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Fracture Mechanics and Finite Element Analysis

Fracture Mechanics and Finite Element Analysis Image


This white paper was done to provide an easy to understand approach to the use of finite element analysis (FEA) toward fracture mechanics. It starts off with a review of fracture mechanics and boils it down to a simple principle of energy in (loading) equals energy out (fracture).

Introduction: Fracture mechanics and finite element analysis are 20th-century technologies that have a profound impact on the way engineers design mechanical devices. structures and material systems. Although there is a wealth of literature in the e two fields. the basic concepts of these technologies are simple. Fracture mechanics describes the transfer of mechanical energy toward the creation of crack surfaces, i.e., the first law of thermodynamics. Finite element analysis is a numerical technique that solves continuum problems with an accuracy acceptable to engineer. Together these technologies provide powerful tools to predict critical loads or crack sizes that may cause fracture in proposed designs or existing structures. With the advent of modern personal computers and finite element codes it may now be much simpler to solve engineering fracture mechanics problems a priori rather than after a catastrophic fracture event. The foundation of fracture mechanics was laid in the 1920s by A.A. Griffith while he was working for the Royal Aircraft Establishment at Farnborough, U.K. According to J.E. Gordon, Griffith asked: "Why are there large variations between the strength of different solids. Why don't all solids have the same strength. Why aren't they much stronger?"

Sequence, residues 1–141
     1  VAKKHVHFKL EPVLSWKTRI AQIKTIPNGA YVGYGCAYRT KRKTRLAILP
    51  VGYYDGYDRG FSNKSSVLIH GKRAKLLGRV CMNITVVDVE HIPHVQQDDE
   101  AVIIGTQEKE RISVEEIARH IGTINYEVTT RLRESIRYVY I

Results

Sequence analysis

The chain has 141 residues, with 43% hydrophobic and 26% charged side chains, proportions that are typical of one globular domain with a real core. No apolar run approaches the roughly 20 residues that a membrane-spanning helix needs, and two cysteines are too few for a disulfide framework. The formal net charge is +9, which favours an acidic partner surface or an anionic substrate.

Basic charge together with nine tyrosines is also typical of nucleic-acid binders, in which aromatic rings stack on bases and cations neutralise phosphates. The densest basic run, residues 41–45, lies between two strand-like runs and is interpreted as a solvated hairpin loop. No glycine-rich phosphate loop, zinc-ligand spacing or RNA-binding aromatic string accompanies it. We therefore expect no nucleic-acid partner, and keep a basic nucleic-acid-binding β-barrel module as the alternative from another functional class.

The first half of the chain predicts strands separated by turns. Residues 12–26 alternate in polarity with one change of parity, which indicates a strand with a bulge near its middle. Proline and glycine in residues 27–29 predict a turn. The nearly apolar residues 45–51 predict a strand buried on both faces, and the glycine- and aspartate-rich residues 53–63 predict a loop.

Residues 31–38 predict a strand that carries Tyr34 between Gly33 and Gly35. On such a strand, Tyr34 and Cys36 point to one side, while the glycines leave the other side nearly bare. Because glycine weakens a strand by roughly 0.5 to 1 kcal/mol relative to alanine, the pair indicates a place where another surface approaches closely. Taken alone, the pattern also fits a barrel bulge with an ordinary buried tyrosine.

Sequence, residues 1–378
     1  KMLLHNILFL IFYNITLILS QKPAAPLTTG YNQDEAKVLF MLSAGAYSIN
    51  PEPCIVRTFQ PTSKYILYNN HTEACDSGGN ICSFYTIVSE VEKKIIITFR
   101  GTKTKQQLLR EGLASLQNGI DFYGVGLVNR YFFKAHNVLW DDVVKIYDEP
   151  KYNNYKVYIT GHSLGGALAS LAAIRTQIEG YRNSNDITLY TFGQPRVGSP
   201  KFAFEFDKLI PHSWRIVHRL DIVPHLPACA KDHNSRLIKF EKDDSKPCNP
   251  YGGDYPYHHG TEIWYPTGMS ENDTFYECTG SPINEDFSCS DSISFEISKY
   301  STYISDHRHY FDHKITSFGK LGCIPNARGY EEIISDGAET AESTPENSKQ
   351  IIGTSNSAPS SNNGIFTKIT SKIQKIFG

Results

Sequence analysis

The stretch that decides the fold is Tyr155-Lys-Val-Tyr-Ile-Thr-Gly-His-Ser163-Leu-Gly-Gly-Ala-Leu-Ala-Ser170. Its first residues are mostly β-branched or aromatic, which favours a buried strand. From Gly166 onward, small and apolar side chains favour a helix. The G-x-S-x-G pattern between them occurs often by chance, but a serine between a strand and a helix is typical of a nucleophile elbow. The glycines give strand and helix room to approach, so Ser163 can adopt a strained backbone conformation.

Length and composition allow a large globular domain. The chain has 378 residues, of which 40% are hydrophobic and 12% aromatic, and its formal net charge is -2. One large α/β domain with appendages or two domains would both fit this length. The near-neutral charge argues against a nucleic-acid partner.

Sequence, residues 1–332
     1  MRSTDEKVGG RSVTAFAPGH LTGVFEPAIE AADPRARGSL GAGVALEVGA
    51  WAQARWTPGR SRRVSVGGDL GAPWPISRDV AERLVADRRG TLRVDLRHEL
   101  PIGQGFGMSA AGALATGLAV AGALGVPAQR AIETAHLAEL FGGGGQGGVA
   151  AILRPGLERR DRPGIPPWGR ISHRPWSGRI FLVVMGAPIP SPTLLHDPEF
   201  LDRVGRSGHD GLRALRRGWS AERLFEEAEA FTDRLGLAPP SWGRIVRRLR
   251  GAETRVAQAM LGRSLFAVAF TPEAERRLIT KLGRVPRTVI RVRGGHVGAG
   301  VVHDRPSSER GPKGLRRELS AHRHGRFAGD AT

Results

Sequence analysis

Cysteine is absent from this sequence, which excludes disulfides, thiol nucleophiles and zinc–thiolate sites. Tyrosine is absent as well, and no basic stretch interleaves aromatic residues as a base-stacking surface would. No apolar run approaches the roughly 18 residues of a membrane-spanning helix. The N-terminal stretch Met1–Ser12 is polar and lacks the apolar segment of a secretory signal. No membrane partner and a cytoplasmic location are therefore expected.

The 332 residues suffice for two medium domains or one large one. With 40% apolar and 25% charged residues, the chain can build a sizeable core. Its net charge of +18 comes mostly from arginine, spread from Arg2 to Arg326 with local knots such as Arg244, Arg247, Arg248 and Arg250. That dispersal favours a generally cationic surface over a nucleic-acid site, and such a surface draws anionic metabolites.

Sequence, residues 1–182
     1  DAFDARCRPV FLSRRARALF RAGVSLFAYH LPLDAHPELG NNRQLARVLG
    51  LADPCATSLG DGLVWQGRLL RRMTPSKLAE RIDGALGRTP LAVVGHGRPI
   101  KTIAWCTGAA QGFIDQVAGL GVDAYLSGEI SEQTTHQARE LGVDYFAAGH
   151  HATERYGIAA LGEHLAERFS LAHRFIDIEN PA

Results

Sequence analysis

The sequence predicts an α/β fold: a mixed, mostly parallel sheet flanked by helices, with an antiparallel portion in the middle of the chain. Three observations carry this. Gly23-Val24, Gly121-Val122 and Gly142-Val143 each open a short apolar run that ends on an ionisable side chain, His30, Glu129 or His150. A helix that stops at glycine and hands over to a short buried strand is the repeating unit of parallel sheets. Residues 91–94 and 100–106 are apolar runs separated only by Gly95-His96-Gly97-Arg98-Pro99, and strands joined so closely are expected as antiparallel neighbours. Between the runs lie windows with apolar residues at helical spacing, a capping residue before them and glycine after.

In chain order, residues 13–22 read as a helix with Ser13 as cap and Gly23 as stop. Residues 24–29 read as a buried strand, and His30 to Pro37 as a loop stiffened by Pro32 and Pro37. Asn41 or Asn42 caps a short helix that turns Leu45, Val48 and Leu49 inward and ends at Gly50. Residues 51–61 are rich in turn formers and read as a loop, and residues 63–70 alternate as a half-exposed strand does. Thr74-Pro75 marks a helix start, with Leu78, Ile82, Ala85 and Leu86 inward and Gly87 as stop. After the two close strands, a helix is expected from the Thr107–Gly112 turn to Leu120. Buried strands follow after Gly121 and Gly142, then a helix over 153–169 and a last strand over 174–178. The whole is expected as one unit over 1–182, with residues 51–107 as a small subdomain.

Conclusion: In conclusion. the engineer should realize that analytical results are only as good as the experimentally measured fracture toughness data and that the fracture toughness of a material is not single-valued but may vary significantly due to environmental or fatigue effects. Furthermore, the presented approach is quite basic and one should consider that the field of fracture mechanics is rich with analyses that did not work. This discussion has not considered the effects of fatigue, corrosion, or thermal mechanisms on the fracture process-these can play a dominant role depending on the service environment. Nonetheless, engineering has often been a discipline of making science work and, when properly applied, the use of fracture mechanics principles and finite element analysis can be a useful tool to ensure that the engineer creates the safest, toughest, and lightest structure.